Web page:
Morgan Tait is the NZ Herald's police reporter.

Majority of people in online poll say mayor should resign

Public opinion lashes Len Brown, but some say news should not affect his role.

Len Brown celebrating his re-election on Saturday with his wife Shan Inglis and daughters Sam Colgan, Olivia Brown and Victoria Brown. Photo / APN
Len Brown celebrating his re-election on Saturday with his wife Shan Inglis and daughters Sam Colgan, Olivia Brown and Victoria Brown. Photo / APN

Public opinion has swung against Len Brown after news of his affair - with the majority of people responding to an online poll calling for him to resign.

But public relations experts say the sex scandal may not spell the end of his career and that his future will depend on how well he handles the issue and the level of support he receives from his family

The public were quick to express their thoughts yesterday afternoon on Mr Brown's two-year affair with Hong Kong-born local government hopeful Bevan Chuang.

Messages flooded Mr Brown's Facebook page and a poll on showed 57 per cent of nearly 30,850 people believed he should stand down.

#LenBrown was trending on New Zealand Twitter last night and this morning, and many tweets condemned his actions.

Among calls on his Facebook page for Mr Brown to resign, Andrea Staniford said she was "absolutely appalled" and questioned his role in Ms Chuang's political aspirations.

Others supported Mr Brown, including Herald reader Nick Roughan who said: "The people of Auckland elected Len Brown to the office of mayor, not as his wife's husband. Let him answer to the electorate solely for his performance as mayor."

Deborah Pead, of Pead PR, said Mr Brown could easily recover from the scandal, but it would depend on the support of his family.

"It looks as though he is already following the right advice in that he has confessed and that is certainly the right thing to do," she said.

"The way it is handled from here on in, a lot of that depends on how his family respond to the news and how they react to it.

"If we see his wife and family coming out in support of him and they are able to forgive his transgression that will stand well for his future reputation."

Other advice Mr Brown might be receiving was to admit to any other affairs or problems, said Ms Pead.

Mr Brown should also lie low to let the dust settle and then "put his head down and deliver on being the very best mayor".

"I think if he can separate his personal and professional life, then the public will overlook this and he can move on with once again being the mayor of Auckland.

Ms Pead said the scandal did not necessarily spell the end of Mr Brown's career.

"Sex scandals are not new, in days gone by affairs used to almost be part of the leadership package - look at Clinton and Kennedy.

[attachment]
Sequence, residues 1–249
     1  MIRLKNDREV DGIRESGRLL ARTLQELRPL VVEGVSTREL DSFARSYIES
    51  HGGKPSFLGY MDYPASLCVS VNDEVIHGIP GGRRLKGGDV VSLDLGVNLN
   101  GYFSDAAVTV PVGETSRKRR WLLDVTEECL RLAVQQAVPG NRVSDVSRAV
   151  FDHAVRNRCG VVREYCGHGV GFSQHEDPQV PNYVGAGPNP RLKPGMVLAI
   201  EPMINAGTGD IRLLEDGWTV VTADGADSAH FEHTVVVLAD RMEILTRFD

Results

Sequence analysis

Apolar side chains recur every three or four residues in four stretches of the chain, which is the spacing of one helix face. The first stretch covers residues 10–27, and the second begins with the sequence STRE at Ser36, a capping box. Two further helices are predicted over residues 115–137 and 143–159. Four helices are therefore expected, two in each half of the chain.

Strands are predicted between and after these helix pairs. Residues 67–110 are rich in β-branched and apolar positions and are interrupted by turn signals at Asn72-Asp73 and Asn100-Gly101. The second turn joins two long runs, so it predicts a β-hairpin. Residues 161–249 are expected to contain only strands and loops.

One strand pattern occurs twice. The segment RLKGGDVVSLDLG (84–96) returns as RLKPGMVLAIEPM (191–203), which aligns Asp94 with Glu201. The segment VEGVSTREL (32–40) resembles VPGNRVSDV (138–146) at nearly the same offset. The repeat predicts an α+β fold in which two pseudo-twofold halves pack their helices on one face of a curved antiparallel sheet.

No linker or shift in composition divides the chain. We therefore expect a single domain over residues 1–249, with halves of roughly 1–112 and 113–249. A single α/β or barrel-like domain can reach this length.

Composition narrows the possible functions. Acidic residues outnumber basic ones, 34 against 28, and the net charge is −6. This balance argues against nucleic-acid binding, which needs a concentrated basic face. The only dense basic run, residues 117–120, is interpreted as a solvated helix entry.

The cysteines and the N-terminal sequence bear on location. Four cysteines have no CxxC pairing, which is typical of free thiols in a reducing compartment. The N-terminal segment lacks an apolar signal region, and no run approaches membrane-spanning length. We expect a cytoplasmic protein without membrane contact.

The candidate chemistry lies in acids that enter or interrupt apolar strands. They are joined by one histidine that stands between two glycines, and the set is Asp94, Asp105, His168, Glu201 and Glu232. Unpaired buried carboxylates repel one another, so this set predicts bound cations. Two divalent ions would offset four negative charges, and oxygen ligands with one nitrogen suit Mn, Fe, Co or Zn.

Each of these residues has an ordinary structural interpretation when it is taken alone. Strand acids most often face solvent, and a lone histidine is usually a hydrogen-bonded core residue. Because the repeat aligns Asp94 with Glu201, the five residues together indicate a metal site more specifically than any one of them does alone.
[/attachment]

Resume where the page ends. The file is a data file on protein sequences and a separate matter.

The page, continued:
"In some ways - and I am not necessarily saying it is the case here - but virility almost enhances a man's leadership, it's part of the power package.

"I am reluctant to say it, but it could have been worse - he could have been caught with a prostitute."

The Department of Internal Affairs said that if a mayor stood down before he or she had been sworn in, a byelection would be held to find a new mayor.

The second-highest polling mayoral candidate did not automatically become mayor.

University of Auckland local government law expert Ken Palmer said Mr Brown had not broken any laws, and he did not believe he had breached the Auckland Council code of conduct.

Councillors could use the code to question Mr Brown and could seek a vote of censure relating to clauses addressing integrity and misuse of public property, he said.

"It's a human failing for people to have these sorts of relationships from time to time, I wouldn't have thought it's a critical thing, people go through all sorts of personal problems ...

"It seems to be relatively minor, what his alleged behaviour had been in relation to council premises, it's not as though there's $1000 spent on some private, personal ambition - that's the sort of the thing the Auditor-General would bring up, unlawful expenditure."

He did not think the scandal would hurt Mr Brown's career.

"It's a personal domestic matter and he shouldn't really suffer much of a consequence for it. I think he will recover fine."

Len Brown

1956: Born in Taumarunui, the son of a school teacher. Grew up in south Auckland, where he attended De La Salle College.
1970s: Married and split with first wife, Anne. Studied law at Auckland University.
Early 1990s: Met future wife Shan Inglis.
1992: Elected Otara Ward representative on Manukau City Council
2004: Stood for Manukau Mayoralty, but beaten by veteran Sir Barry Curtis
2007: Elected Mayor of Manukau
2008: Suffered major heart attack and had heart bypass surgery
2010: Controversy over personal spending on credit card. Cut up his credit card on TV.
October 2010: Won the first Super City mayoralty, beating rival John Banks by 50,000 votes
October 2013: Re-elected with 50,000 vote majority over nearest challenger John Pallino.

- NZ Herald

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